Orphaned letters salvaged from junky, forsaken storefront signs make up the sentimentally hybrid Word Sculptures works for which the artist Jack Pierson is widely celebrated. The artist recombines the letters into generic phrases whose meanings have become trite from overuse; yet the badly worn letters carry with them deeply emotive and nostalgic histories, transforming the initially simplistic phrases into works that are emblematic of isolation, loneliness, and the past. A similar kind of wordplay with mismatching letters and the unexpected intrigue of the cliché can be found in the artist’s photographs and drawings. Running parallel to those themes is Pierson’s exploration of the glamorous, seedy, and hopeful facets of the lives of old American celebrity, young gay male heartthrobs, and figureless landscapes. The unifying aim is to complicate simplistic or too-easily stereotyped images and ideas, and to inject the works with and undeniable yet ambiguous layers of emotion and meaning. As the artist has stated, “My work demonstrates the disaster inherent in the search for glamour.”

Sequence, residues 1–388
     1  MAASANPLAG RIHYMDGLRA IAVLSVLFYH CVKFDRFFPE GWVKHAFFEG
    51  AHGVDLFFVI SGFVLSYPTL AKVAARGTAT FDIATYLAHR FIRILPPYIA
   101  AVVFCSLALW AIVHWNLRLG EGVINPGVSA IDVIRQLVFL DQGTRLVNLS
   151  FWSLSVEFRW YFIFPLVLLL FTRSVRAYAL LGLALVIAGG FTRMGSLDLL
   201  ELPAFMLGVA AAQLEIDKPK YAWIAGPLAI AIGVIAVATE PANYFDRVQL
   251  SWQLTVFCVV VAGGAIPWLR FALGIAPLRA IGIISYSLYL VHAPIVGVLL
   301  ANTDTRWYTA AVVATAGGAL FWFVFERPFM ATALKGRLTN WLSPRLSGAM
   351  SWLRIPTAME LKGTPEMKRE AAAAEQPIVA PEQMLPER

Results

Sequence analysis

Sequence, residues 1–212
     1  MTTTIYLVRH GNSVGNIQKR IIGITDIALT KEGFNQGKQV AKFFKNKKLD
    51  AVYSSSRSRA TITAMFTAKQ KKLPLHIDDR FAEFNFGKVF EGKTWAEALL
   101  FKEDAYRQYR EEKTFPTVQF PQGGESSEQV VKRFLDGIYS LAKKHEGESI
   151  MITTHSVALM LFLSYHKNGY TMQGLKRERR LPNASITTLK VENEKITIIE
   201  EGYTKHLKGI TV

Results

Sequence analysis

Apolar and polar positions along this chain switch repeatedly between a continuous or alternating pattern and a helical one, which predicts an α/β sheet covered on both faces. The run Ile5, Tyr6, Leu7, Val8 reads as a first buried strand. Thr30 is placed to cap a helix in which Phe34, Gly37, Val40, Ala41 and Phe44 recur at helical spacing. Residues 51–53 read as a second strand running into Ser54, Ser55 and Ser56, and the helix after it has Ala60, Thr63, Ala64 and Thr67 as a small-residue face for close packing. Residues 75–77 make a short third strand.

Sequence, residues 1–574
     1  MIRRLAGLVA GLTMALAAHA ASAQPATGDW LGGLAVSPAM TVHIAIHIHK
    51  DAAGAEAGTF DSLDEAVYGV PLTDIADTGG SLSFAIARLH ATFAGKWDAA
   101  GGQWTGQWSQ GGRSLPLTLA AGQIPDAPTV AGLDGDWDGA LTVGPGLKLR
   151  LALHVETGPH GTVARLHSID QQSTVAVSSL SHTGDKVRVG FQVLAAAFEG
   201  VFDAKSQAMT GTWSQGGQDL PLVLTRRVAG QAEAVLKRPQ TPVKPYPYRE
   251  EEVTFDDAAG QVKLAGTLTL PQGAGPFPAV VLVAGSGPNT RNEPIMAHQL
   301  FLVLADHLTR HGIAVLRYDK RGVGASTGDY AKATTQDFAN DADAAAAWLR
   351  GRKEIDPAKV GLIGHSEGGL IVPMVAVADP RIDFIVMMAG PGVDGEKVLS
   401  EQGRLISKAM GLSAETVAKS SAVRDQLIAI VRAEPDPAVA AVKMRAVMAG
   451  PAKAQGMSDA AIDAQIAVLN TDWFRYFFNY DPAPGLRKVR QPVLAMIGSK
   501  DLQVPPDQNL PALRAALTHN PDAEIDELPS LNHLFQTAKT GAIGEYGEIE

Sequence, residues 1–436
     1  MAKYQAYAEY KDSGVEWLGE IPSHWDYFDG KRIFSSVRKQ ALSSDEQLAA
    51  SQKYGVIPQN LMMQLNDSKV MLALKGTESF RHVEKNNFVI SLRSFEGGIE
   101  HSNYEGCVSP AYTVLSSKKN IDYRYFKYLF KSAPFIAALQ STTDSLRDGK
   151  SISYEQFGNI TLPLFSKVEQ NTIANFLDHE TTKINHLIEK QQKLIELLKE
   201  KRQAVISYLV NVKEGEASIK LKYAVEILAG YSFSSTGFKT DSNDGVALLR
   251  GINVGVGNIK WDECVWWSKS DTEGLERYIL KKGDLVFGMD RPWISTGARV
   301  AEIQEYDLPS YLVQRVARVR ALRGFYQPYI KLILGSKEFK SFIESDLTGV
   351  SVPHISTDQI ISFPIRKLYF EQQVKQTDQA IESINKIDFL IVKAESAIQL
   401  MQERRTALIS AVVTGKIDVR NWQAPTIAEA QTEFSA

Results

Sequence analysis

The artist has had solo exhibitions at the Museum of Contemporary Art in Miami, the Whitney Museum of American Art, and Chicago’s Museum of Contemporary Art, and has participated in three Whitney Biennials over the course of his career.